Sarah Morgan

Healthcare Geek.
Professional Communicator.

Picky, Picky

Picky eaters: are they that way due to choice, or due to biology? Now scientists are wondering if it’s the latter. And good for the scientists, and all – let’s question everything – but I have to say, my thoughts tend somewhere toward “oh, please“.

You know I tend to be skeptical about our society’s rush to excuse problems by medicalizing them into “conditions” (see also my thoughts on Tiger Woods). As far as I’m concerned, this is one more example.

Now, you must understand, I was a very picky eater growing up. I wouldn’t even pour milk on my cereal or tomato sauce on my spaghetti until I was in college. The idea of mushy cereal revolted me, and the taste of any kind of spaghetti sauce was much too unpleasantly strong. So I get the argument that some people are extra-sensitive to smells, tastes or textures, truly I do.

But come on. Why is it that I’ve never, ever heard of a picky eater who will only eat crunchy raw vegetables, or one who threatens to vomit if they even think about eating sweets? And yet there’s an awful lot of people who will only eat white processed carbs and swear they’d throw up if they even nibbled a vegetable.

If it were purely biology, it stands to reason that there would be just as many picky eaters who hated unhealthy and processed food as hate healthy, natural food.

Here’s what I think.

Kids have more taste buds and therefore more sensitive palates. (That’s biology.) Plus, kids are brought up by popular culture to think that junk food is cool. (That’s letting your kid watch too many commercials.)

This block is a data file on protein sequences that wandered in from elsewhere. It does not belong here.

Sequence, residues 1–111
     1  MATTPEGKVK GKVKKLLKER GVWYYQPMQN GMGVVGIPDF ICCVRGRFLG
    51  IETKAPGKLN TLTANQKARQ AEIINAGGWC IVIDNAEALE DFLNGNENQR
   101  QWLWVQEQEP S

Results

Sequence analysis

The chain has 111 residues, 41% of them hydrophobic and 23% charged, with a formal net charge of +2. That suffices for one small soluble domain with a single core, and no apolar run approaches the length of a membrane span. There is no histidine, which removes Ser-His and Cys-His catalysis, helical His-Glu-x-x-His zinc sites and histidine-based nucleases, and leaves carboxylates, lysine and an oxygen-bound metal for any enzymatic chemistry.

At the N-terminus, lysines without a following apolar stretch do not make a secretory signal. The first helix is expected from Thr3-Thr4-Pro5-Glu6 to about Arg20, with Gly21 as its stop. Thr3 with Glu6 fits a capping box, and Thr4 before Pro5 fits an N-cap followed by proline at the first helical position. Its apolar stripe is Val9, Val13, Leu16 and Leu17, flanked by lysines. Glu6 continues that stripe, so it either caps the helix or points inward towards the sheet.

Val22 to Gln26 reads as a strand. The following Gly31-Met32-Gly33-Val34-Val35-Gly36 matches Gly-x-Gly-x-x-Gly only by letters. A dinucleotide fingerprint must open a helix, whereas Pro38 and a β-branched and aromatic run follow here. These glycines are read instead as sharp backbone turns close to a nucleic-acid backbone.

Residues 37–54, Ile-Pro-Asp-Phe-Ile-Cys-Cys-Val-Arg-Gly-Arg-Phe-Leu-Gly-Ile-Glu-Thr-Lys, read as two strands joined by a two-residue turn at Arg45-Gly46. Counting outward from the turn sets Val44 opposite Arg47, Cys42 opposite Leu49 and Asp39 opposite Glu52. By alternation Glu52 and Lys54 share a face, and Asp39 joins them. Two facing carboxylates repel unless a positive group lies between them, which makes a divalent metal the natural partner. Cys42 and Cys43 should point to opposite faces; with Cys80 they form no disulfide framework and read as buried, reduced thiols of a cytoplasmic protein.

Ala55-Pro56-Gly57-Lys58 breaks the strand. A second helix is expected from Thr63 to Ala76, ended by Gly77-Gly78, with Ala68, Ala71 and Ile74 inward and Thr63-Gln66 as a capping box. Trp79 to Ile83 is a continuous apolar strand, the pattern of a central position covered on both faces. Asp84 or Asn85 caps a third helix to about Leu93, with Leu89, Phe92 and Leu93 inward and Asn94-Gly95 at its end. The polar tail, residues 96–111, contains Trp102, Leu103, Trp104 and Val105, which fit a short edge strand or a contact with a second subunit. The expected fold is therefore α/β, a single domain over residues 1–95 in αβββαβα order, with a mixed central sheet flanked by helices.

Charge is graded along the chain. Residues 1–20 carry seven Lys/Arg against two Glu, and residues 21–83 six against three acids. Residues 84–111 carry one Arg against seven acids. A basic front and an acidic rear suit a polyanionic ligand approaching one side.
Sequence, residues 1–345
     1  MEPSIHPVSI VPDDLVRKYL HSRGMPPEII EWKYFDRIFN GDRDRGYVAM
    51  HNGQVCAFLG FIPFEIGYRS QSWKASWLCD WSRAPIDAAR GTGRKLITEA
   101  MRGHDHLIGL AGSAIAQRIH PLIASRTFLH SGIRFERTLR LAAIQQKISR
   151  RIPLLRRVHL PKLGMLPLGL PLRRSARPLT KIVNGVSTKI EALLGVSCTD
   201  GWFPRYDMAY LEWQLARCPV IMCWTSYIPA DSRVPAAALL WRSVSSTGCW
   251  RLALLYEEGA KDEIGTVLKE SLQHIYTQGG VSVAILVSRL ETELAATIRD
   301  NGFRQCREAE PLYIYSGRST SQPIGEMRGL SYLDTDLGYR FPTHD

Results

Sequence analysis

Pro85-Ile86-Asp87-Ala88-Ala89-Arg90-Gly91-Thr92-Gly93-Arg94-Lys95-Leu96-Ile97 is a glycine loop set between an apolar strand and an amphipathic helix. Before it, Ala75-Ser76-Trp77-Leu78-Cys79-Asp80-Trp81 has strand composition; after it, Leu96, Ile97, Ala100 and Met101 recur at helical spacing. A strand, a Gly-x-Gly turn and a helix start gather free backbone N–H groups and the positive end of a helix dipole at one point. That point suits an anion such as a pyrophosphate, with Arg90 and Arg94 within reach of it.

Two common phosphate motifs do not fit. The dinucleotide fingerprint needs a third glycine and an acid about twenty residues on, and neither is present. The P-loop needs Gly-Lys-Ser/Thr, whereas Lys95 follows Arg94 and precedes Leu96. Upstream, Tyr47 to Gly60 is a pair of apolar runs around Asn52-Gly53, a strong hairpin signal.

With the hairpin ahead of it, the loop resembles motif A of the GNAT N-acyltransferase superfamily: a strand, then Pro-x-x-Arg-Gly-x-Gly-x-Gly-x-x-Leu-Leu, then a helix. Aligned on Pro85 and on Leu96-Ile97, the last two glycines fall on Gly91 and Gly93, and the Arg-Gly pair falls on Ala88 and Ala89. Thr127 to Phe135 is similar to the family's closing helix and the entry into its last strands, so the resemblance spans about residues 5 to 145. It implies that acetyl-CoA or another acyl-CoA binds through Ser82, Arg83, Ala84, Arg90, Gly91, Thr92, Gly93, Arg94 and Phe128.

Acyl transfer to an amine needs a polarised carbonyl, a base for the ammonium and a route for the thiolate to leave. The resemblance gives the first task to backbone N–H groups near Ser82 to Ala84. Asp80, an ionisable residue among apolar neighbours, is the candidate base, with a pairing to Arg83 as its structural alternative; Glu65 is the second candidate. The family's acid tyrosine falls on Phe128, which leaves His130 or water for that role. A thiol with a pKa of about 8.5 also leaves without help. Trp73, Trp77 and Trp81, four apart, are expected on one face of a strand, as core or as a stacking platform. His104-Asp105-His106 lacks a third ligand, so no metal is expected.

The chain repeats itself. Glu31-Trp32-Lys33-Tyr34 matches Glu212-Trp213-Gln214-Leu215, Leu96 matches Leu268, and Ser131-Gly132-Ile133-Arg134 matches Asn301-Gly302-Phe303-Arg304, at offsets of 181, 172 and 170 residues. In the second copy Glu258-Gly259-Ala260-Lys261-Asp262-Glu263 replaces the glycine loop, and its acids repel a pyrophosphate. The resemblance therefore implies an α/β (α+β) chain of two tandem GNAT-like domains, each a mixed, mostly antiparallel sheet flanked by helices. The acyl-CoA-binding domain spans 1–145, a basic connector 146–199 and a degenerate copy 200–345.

Which means you get two very powerful reasons to become a picky child.

However. If you add to that parents who cater to their children’s every whim, plus a person who never grows up enough to challenge their preconceptions, you get a picky adult.

There are definitely people who are just born to be more squeamish. I think fried calimari feels like rubber bands in my mouth, and I haven’t eaten a banana since I was old enough to hold one, and I’m sure there are people who find that bizarre. But I love alligator and ostrich, Japanese and Ethiopian and Thai, stinky cheese, and trying at least a few bites of whatever I don’t recognize on the menu.

Everyone has preferences. But that’s different than just being a chicken.



I remember my parents saying to Little Me “Try it, you’ll like it” when a new food was introduced. Sometimes I did, sometimes I didn’t. But at least I knew. When I was on an student exchange in Germany, one of the American girls would only eat McDonald’s. I always felt sorry for her – afraid to try new foods (especially in Germany where the food is incredible).

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